No matter where you work, you are undoubtedly trying to develop a better product or service. Both you and your competitors aren’t standing still, so you need to invest both time and energy into unleashing innovation in your company. So how do you do this? In this episode of Connection Loop, Dubb founder Ruben Dua sat down with Josh Linkner to discuss how small, everyday innovations can drive oversized results. Some of the insights that you will hear in this episode include the following:
The way that we look at creativity is often flawed. For instance, it is easy to assume that job titles define creativity. As Josh argues, this is nonsense. There are plenty of musicians that are non-creative and plenty of financial professionals that you could deem extremely creative. In the end, we have to get past the idea of what creativity is “supposed to look like.”
We are living in a world where automation continues to play a bigger role in our lives. The good news is that the one thing standing is the real differentiator. That is human creativity. Human creativity is something that hasn’t yet been automated away. If you can tap into your creativity and incorporate it into your day-to-day work, you will continue providing immense value in a quickly shifting market.
It’s important to recognize that the way things were taught in the past doesn’t necessarily mean that they should be taught the same way now. Take, for example, learning how to play music. While you need to know the mechanics of the craft (like how to play a scale), you don’t necessarily need to learn music through rote memorization. As Josh says, rote memorization serves no one.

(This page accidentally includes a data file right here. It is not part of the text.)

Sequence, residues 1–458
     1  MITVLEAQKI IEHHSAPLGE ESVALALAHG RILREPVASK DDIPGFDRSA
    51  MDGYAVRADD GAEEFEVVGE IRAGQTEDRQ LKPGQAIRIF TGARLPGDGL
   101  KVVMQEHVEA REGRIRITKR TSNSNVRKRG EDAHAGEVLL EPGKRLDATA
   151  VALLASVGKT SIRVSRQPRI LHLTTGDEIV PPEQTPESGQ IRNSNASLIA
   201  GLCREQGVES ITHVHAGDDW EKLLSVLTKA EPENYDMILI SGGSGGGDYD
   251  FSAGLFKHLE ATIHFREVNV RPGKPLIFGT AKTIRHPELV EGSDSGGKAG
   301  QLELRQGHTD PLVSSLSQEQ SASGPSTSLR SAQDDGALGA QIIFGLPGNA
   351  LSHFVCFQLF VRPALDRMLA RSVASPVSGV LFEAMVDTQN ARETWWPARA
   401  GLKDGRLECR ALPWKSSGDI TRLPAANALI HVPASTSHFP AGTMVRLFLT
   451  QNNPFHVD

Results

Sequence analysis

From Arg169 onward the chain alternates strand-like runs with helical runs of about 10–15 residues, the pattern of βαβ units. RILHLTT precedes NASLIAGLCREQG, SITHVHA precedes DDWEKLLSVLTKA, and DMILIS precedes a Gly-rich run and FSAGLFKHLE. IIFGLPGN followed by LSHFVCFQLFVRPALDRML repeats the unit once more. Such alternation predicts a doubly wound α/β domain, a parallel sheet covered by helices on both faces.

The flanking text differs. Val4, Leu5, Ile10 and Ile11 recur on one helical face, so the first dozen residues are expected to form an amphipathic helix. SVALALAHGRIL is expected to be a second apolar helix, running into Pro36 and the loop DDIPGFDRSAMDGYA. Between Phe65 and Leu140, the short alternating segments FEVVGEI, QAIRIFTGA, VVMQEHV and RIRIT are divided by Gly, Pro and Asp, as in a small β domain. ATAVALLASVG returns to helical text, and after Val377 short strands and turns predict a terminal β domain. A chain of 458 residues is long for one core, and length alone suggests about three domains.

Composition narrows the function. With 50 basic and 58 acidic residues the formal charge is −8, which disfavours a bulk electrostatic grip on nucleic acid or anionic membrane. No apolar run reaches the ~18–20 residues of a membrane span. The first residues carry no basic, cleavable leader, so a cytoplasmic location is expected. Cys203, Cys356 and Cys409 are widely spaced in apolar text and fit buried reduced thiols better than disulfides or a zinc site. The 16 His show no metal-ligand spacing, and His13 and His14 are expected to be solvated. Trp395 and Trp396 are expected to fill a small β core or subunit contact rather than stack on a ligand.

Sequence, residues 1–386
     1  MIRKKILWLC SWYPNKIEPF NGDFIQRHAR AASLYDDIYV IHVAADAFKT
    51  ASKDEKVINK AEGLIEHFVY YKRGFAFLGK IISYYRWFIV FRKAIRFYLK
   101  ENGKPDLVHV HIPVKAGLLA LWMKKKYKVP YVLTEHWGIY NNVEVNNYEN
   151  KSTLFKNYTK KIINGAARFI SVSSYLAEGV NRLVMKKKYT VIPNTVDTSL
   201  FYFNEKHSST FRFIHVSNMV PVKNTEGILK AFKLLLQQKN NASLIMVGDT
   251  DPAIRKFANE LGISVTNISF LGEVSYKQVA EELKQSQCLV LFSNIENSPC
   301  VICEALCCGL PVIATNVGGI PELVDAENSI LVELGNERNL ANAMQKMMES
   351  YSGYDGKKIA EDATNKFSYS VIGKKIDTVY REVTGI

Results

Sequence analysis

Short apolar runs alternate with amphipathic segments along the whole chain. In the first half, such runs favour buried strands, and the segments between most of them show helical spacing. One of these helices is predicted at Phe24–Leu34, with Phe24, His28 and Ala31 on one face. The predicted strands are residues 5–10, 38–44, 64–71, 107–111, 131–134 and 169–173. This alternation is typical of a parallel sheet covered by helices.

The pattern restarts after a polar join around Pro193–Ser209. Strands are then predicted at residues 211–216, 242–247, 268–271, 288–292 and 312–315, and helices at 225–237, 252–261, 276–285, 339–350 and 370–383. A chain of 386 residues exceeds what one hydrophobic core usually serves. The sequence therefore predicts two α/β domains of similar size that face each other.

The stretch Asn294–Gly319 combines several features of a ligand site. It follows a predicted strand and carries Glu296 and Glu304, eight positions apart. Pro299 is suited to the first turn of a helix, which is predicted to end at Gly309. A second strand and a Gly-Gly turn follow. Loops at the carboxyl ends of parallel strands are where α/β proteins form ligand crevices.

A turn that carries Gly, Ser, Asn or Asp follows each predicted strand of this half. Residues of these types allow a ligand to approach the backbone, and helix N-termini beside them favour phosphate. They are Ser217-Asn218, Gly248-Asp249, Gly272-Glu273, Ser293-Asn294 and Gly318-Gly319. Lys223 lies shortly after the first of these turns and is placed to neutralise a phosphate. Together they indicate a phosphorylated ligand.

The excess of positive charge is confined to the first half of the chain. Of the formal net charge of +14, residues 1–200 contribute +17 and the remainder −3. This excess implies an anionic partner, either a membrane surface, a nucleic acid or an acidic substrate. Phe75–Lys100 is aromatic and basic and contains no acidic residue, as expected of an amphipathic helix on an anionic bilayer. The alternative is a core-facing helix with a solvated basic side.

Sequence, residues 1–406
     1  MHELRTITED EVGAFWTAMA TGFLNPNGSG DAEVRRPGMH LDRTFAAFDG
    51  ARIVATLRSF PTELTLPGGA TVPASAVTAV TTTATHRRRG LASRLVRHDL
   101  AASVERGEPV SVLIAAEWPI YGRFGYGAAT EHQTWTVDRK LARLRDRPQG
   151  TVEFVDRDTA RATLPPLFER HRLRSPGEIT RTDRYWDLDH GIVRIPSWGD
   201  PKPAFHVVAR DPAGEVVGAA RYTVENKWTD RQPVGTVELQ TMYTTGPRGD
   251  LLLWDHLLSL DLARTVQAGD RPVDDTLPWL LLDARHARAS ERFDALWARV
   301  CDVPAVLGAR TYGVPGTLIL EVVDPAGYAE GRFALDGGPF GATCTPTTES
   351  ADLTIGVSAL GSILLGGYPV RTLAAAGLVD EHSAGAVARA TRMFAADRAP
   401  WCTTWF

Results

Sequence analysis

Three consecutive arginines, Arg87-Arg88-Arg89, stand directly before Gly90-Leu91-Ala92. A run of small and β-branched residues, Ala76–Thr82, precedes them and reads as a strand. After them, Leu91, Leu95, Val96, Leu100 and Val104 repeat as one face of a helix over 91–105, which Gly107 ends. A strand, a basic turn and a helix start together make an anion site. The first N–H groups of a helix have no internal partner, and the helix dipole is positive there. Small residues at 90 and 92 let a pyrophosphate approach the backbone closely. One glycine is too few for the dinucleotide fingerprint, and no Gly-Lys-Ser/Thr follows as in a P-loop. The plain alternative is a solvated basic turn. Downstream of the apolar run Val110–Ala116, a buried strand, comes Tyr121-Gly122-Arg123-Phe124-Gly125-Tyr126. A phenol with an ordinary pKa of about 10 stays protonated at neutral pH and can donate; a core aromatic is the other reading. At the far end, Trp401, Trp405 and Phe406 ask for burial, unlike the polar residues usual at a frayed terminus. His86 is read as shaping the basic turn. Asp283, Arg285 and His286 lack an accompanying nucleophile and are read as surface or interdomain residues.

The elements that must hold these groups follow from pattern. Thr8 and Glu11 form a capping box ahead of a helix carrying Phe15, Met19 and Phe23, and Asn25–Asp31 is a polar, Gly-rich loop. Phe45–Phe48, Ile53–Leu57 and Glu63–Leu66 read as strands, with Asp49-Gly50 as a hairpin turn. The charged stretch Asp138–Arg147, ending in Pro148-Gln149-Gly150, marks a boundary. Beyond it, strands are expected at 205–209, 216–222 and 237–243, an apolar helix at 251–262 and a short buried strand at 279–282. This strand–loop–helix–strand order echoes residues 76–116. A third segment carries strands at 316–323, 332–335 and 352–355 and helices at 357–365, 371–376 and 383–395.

A key trait that can make you more creative is empathy. Think about it. To create something new and novel in the world, you need to understand what others are going through. You need to think about their problems, stresses, wants, and fears in their lives. With that information, you can then create a product or service that speaks to these deep feelings.
One of the more critical things to do is to capitalize on small wins. Whenever you are creating anything new, there is bound to be failure. You may make some inadvertent mistake or the market may reject what you are trying to sell. Whatever the case may be, make sure that your mistakes are small and that you double down on your wins. By adopting this incremental attitude, you can increase your odds of creating something that your audience will love.
This is a great conversation for anyone that is looking to become more creative in their lives. Whether you are trying to develop a new product or service at work or simply want to make something better in your life, you can take Josh’s insights and accelerate toward your goals. Enjoy the discussion!
Josh Linkner is the co-founder and chairman of Platypus Labs. He started his career as a jazz guitarist and became the founder and CEO of five technology companies (which sold for a combined value of $200 million). He is also the author of four books (two of which became New York Times bestsellers). As if that weren’t enough, Josh is the founding partner of Detroit Venture Partners, where he has invested in and mentored over 100 startups.
Want to learn more from Josh about how small, everyday innovations can drive oversized results?
Connection Loop is a podcast hosted by Dubb Founder, Ruben Dua. The show focuses on the stories of leaders, innovators, and friends — all in a conversational format. This show is brought to you by dubb.com.